It will be appreciated that selection of an initial value for “S” may sometimes be difficult. Consequently, rather than assigning a constant value to “S” as shown in code 600, in an alternative embodiment, the value of “S” may be dynamically adjusted. An illustrative example is shown in FIG. 7 a.

In FIG. 7 a, the code 600 of FIG. 6 is shown partially transformed with a “SHRINK (S)” operation shown at line 721, and a corresponding “GROW (S)” operation shown at line 723. As will be apparent from an examination of code 700A, the “SHRINK (S)” operation is placed for execution if the contention test “if (L ! NULL && CONTENDED (L))” at line 718 is passed.

In this illustrative example, the strip length “S” is stored between invocations of “method_with_loop ( )” (line 701) in the “method_with_loop_S” variable (line 727) so that the code 700A does not have to repeatedly learn an appropriate value for “S”.

The initial constant value stored in “method_with_loop_S” (line 702) depends on the expected likelihood of contention. For example, a reasonable initial choice for “S” might be any of 2-4 iterations, depending on the amount of code inside the inner loop 708-717. This range of “S” may provide a head start on reducing the number of contention checks, but the value of “S” can be quickly reduced, for example to 1, if the contention level is found to be high.

The “SHRINK (S)” and “GROW (S)” operations are expected to be short inlined code sequences that adjust the value of “S” to take into account the degree of contention experienced by the loop. Thus, the value of “S” may be shrunk after each instance of contention which indicates that other threads in the software program require access to the locked object. Correspondingly, the “GROW (S)” operation shown at line 723 is positioned to execute after each “S” iterations of the inner loop 708-717 In the present example, the value of “S” grows, unless there is an instance of contention which causes the value of “S” to shrink. Also, as will be noted, virtually any integer value of “S” may result since the code “mint strip_length min (N-i, S)” at line 707 accommodates any remainder after the total number of iterations “N” is notionally divided by “S”.

Those skilled in the art will appreciate that the above is but one particular example of how the “SHRINK (S)” and “GROW (S)” operations may be performed, and that various other methods may be used.

For the example shown in FIG. 7 a, some possible parameters for “SHRINK (S)” and “GROW (S)” are shown in FIG. 7 b. For example, upon execution of the “SHRINK (S)” operation, the value of “S” may be incrementally decreased (by any selected integer value), immediately reset to 1, or reset in some other way in dependence upon the value of “S”. Similarly, some possible alternatives for the “GROW (S)” operation may include incremental growth, or more rapid growth by a multiplicative value to a maximum value of “N” (i.e. the total number of iterations). As will be appreciated, different choices may trade-off an expected performance benefit (by reducing the number of contention checks) against the possibility of impeding another thread (by increasing the amount of time allowed to elapse before checking for contention). Which of the “SHRINK (S)” and “GROW (S)” alternatives are chosen for a particular case may be determined, for example, using heuristics or through feedback from various tests.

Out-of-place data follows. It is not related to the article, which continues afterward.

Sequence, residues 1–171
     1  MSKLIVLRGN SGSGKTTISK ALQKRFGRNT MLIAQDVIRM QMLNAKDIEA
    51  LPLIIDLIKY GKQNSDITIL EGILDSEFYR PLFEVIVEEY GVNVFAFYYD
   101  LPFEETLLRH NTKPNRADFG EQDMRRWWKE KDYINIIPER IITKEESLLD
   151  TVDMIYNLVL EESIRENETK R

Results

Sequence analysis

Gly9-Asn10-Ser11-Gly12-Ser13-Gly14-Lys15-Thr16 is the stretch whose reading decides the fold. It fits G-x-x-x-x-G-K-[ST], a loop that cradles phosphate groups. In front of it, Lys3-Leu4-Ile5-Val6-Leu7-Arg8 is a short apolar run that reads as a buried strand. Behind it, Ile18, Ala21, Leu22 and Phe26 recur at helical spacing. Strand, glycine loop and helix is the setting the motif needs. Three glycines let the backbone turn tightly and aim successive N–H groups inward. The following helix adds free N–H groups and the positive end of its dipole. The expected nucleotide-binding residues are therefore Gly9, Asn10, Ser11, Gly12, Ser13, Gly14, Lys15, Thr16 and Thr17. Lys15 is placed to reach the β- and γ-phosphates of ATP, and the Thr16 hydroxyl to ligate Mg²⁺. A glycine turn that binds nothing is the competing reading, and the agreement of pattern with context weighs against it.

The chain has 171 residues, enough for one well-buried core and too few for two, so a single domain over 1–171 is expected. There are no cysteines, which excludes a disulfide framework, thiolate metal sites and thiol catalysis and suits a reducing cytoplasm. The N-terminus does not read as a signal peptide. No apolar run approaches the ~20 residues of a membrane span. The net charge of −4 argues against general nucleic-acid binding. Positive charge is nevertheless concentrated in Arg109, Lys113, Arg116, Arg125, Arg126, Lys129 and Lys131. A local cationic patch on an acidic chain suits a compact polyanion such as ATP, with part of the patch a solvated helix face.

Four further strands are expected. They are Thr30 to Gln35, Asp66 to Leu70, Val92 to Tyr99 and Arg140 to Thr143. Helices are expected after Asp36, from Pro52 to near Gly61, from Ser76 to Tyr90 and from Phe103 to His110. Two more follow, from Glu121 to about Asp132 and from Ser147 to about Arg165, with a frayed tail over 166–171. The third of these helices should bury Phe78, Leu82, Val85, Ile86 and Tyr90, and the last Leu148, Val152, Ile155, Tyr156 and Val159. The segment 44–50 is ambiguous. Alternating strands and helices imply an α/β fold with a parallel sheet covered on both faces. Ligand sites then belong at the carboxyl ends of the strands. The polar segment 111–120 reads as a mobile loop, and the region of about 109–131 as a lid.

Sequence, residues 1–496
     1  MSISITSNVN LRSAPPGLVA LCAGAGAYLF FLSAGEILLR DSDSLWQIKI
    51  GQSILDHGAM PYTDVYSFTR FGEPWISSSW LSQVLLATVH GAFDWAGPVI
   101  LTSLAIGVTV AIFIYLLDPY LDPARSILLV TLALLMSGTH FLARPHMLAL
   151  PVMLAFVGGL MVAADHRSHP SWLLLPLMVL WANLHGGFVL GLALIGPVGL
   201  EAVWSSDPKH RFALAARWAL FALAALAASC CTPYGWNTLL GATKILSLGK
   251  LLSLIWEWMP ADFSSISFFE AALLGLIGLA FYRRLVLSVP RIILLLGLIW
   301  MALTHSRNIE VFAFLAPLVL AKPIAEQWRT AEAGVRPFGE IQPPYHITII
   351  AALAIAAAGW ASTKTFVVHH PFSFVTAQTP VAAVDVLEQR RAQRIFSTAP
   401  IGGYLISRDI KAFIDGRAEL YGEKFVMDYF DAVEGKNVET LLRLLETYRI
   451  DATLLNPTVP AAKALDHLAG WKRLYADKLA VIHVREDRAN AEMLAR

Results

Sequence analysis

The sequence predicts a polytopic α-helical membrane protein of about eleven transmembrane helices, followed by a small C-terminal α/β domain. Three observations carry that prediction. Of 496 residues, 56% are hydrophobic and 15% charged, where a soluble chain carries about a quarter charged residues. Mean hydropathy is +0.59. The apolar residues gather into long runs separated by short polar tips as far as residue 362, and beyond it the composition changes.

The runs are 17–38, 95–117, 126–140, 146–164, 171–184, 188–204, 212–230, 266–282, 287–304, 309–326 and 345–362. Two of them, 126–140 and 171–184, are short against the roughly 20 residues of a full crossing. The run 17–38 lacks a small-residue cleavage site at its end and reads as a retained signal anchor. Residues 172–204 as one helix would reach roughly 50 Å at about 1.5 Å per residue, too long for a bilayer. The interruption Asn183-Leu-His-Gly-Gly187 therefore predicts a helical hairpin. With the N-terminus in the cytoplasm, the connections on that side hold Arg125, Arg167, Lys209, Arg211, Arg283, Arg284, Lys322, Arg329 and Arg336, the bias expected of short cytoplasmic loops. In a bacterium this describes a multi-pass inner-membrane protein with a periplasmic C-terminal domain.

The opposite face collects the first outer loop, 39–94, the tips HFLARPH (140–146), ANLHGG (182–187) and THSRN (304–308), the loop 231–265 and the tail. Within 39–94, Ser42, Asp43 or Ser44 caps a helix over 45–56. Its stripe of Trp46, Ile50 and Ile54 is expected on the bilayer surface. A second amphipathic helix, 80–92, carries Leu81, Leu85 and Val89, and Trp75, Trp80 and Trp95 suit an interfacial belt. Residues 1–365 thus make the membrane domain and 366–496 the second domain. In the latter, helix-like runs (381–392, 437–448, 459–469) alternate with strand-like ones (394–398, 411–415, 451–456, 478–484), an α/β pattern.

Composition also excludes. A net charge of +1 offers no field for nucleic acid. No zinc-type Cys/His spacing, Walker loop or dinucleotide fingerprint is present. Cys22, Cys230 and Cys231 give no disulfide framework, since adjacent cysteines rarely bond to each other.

In the examples discussed above, there is only one lock within a software loop that is transformed. However, in certain cases, it may be possible to apply similar transformations even if there is more than one lock. Specifically, there are two cases when the transformation can be safely applied even if more than one lock is present inside the loop: 1) when the locks are nested in the original code, and 2) when every possible path taken inside the loop encounters only one lock pair.

In the first case of nested locks, consider the code 800 shown in FIG. 8. Here, substantially the same transformations described above in relation to FIG. 3 to FIG. 5 can be applied to the outermost lock-unlock pair (i.e. “lock (L1)” at line 805 and “unlock (L1)” at line 811). The result of the coarsening transformation is shown in code 900 in FIG. 9.